Throughout history, women have made significant contributions in human knowledge and, in particular, across the fields of science, technology, engineering, and math (STEM).
Think about Ada Lovelace, an English mathematician, who is considered to be the founder of scientific computing and the first computer programmer; or Rosalind Franklin, the British chemist and crystallographer, who’s best known for contributing research to clarifying the structure of DNA; or what about Bletchley Park during WWII…where women constituted 75% of the workforce there and were employed to operate the cryptographic and communications machinery, translate documents, and perform traffic analysis. All of which notably contributed to breaking the German code. These were not just prominent women, they were significant contributors to STEM and history on the whole.
But where are the Adas and the Rosalinds of today? They do exist, but as with every previous generation, STEM fields are traditionally male-dominated. According to the Women’s Engineering Society (WES), in 2015 only 9% of the engineering workforce was female. And this is at a time when the UK has a skills shortage and needs to produce thousands more scientists and engineers.
The pendulum is shifting, though. Today women now make up an 11% of the total number of professional engineers, so the rate, although still appalling, is growing. According to the recent WISE campaign, which focuses on gender balance across science, technology, and engineering, 61,430 more women now work in core STEM than previously in 2016. The number of men in core STEM fell by 45,980 in the same period. So, overall, the trends are very positive; with more women working in core STEM than ever before.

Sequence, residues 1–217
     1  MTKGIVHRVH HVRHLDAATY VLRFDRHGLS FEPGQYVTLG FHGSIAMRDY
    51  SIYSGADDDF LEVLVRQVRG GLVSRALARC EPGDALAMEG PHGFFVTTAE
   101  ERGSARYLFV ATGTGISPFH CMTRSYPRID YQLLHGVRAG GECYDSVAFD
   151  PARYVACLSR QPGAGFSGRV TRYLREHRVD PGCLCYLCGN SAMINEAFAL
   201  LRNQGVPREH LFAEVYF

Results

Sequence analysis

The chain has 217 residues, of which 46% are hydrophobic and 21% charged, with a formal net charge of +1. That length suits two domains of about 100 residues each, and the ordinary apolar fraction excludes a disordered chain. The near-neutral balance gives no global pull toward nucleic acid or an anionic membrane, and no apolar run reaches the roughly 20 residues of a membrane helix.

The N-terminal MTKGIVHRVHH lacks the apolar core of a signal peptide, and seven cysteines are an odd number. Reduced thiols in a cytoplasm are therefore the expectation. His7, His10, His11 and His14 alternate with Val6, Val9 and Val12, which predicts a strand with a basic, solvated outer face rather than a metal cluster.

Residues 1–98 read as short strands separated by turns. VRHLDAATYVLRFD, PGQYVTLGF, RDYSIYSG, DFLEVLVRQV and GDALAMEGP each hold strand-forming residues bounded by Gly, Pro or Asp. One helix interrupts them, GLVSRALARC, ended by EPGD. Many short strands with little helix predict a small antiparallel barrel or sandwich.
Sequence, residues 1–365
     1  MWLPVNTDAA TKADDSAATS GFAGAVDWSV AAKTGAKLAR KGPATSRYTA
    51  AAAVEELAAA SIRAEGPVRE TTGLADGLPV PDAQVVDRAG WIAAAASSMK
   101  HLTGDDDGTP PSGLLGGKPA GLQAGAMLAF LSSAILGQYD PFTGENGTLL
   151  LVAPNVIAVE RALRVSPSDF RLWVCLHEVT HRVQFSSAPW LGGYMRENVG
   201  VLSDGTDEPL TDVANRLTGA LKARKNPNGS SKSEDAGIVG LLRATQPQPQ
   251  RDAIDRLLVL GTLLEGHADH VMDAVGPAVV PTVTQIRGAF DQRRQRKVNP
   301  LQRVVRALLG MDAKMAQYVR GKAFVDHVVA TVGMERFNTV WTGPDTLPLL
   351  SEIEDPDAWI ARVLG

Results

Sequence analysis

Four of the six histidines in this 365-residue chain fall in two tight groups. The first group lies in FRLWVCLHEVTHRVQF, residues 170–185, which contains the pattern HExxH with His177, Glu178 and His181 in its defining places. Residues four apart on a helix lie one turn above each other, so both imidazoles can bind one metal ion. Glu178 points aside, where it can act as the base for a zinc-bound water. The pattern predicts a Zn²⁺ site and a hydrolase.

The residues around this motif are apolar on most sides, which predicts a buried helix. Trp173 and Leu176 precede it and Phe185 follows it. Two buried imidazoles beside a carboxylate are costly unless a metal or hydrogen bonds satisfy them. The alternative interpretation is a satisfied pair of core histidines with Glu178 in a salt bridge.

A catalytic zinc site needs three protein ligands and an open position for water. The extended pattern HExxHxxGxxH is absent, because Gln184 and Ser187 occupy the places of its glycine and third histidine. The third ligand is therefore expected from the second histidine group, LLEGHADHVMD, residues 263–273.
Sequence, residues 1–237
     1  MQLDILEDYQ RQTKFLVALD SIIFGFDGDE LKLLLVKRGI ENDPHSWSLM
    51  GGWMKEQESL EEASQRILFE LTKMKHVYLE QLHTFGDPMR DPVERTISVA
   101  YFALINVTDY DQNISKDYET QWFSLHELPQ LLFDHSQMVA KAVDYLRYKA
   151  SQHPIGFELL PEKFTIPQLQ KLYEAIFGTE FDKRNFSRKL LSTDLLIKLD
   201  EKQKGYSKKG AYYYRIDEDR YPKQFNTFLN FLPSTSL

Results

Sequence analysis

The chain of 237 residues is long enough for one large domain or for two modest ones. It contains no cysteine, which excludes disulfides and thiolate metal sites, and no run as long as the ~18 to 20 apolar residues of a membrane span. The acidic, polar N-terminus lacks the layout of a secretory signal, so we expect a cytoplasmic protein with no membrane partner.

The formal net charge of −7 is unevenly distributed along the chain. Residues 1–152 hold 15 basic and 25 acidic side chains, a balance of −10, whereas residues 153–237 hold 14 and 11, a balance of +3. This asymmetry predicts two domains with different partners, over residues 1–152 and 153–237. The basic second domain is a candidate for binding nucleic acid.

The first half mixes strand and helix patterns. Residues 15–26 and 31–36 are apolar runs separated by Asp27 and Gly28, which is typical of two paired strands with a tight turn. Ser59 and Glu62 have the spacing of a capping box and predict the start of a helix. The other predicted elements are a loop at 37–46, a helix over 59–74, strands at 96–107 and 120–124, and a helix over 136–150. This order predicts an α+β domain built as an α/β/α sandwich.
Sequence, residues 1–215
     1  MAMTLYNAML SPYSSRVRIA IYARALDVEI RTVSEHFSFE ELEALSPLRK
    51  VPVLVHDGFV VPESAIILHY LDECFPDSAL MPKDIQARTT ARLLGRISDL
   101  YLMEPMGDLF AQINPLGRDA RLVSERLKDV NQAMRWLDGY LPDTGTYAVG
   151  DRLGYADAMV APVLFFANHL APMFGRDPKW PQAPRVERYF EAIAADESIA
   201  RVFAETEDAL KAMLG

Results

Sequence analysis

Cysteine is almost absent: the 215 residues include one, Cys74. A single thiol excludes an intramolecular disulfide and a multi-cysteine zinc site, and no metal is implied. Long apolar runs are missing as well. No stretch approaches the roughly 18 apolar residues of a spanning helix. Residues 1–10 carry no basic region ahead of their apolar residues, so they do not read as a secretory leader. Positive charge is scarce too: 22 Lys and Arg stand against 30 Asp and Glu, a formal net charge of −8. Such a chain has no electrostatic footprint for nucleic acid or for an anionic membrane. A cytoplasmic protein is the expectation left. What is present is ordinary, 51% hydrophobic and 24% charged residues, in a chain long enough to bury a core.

Why isn’t there more gender diversity in STEM?
What makes a primary school-aged girl say she’s not good in math or that she’s not as smart as the boys? Why is it that most girls don’t choose to further their math, science, tech, or engineering education in the UK?
At a very young age, girls, on the whole, are socialised to be more interested in dolls and princesses, or the “pink aisle” rather than building structures, creating with chemistry sets, or playing with LEGO.
There are also not enough female role models presented to girls, despite the Adas, Rosalinds, and the Bletchley Park crew. Girls need to see and hear about what’s possible for them in STEM. Girls have the aptitude for science, math and tech, they just need the opportunity and a friendly space to give it a try.
Unfortunately, though, there just isn’t enough enthusiasm and encouragement for girls pursing STEM early in their lives. In fact, it’s really only when girls get to secondary school and GCSEs that the option to choose science and engineering is offered; but by that time, the gender stereotyped social norms are set and most girls opt out of the STEM-focused courses. If, however, we can correct the negative perceptions girls develop at younger ages, we can lead them to embrace the sciences and maths in secondary school and beyond.
So, how do we break the pattern and get more girls interested in tech?